I sometimes wish that illness was more visible.
The old people at radiation assure each other that they feel fine
that they aren’t sick
as if saying it were making it true
but I wish there was something more tangible
so that when I sit on the subway
and I watch the man with his newspaper
the exhausted mother and her toddler
the young woman and her novel
I would be able to see
the same marks on their skin
as there are on mine
so I would know that I wasn’t alone
so they would know they weren’t alone
so that I could throw my arms around them
and hold them
and tell them
I love them
and I will never let go.
At night before bed,
I go into the bathroom
and pull my hair back in
and then cup two hands over my scalp
hiding as much hair as I can
trying to create
how it will look when there is nothing but skin.
My husband knocks on the door,
you okay? he asks.
Somehow I answer.
Impatient in both life and death
I dog ear the books.
As a collector of bookmarks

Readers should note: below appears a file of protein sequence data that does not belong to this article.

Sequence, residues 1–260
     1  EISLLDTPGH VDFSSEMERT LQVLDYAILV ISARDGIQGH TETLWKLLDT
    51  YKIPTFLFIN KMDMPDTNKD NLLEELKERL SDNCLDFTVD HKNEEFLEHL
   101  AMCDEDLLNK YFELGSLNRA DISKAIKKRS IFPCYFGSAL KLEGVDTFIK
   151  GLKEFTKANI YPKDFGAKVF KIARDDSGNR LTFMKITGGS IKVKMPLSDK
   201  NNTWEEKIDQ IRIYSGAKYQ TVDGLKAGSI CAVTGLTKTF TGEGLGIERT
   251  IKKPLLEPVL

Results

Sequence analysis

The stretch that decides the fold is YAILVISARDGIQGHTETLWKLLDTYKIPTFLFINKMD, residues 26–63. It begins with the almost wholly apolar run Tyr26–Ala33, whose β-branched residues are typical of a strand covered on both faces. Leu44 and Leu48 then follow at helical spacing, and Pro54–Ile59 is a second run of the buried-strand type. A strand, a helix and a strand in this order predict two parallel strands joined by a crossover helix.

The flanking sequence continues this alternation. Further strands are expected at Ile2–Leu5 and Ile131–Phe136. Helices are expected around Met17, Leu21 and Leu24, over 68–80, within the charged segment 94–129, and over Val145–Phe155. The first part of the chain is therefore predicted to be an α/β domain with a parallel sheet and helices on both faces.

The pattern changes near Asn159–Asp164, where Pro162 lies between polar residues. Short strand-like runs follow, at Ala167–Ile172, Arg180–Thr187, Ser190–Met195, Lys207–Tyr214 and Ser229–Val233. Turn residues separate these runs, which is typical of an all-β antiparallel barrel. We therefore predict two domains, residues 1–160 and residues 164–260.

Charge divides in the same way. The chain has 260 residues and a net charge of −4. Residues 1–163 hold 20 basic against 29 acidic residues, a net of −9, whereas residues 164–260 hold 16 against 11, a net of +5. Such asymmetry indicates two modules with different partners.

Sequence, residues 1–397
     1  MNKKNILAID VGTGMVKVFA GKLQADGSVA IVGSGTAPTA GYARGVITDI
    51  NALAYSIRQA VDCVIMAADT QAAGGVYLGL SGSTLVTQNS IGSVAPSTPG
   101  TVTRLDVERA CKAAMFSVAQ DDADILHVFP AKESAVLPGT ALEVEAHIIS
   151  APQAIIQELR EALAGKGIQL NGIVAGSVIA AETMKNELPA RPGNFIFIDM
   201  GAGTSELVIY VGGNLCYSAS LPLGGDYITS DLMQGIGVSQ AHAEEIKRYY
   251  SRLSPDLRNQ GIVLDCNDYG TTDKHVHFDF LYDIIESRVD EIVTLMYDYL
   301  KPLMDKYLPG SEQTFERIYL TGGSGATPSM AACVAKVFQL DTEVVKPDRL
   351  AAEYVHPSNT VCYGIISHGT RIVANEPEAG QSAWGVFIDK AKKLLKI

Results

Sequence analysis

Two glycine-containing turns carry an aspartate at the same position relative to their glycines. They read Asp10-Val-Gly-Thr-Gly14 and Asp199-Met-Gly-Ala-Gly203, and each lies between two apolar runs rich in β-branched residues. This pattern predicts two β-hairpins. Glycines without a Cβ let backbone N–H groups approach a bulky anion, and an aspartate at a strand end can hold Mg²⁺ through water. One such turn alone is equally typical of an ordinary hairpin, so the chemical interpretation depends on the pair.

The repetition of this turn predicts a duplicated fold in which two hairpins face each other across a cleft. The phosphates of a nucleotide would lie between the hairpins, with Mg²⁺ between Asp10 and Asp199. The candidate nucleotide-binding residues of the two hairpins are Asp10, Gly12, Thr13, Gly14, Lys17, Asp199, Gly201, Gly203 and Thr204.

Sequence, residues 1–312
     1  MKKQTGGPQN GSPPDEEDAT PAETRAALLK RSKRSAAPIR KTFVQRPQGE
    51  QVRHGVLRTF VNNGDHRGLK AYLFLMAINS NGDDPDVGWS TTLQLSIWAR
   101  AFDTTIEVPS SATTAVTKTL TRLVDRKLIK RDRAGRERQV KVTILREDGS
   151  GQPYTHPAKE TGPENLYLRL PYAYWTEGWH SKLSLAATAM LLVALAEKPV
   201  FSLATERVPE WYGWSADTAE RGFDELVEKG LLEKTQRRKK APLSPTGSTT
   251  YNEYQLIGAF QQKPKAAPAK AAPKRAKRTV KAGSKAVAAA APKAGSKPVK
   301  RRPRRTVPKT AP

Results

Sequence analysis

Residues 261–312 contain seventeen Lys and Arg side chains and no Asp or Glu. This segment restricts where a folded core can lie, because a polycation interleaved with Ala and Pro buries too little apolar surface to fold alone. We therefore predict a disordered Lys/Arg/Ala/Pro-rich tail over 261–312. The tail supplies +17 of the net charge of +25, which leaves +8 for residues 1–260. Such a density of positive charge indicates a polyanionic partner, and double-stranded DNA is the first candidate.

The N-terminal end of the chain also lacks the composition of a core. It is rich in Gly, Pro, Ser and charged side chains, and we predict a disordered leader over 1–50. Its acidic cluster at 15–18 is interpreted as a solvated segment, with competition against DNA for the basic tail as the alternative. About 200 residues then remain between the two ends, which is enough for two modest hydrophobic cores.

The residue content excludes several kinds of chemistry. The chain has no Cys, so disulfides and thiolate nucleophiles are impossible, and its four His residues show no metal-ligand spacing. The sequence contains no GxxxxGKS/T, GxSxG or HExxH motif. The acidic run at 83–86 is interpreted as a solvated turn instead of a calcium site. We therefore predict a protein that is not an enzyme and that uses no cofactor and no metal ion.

this drives my husband nuts.
The library books are one thing, he says
but not ours.
Yet I find I’m always grabbing
the poetry books off the shelf and forgetting
a bookmark and beside
these sleek slender volumes
can barely hold their own words
let alone a whole bookmark.
So I dog ear,
the little bent corners
of the pages.
Sometimes nothing for whole chunks.
Sometimes one every other poem
after a quick read between subway transfers,
the corners flapping
like flags marking depots
across the dry cold waste of undiscovered land.
I wonder if later
when I’m gone
he’ll find these creases
in the books we shared
the corners still creased
my long distance death defying reminder
like a star winking at him
all the way from the past,
a message over time
a little salute and a hello
from the darkest corner of space.
Ally Malinenko’s lives in the part of Brooklyn the tour buses don’t come to but was voted to have the best halal truck. Her website is http://allymalinenko.com/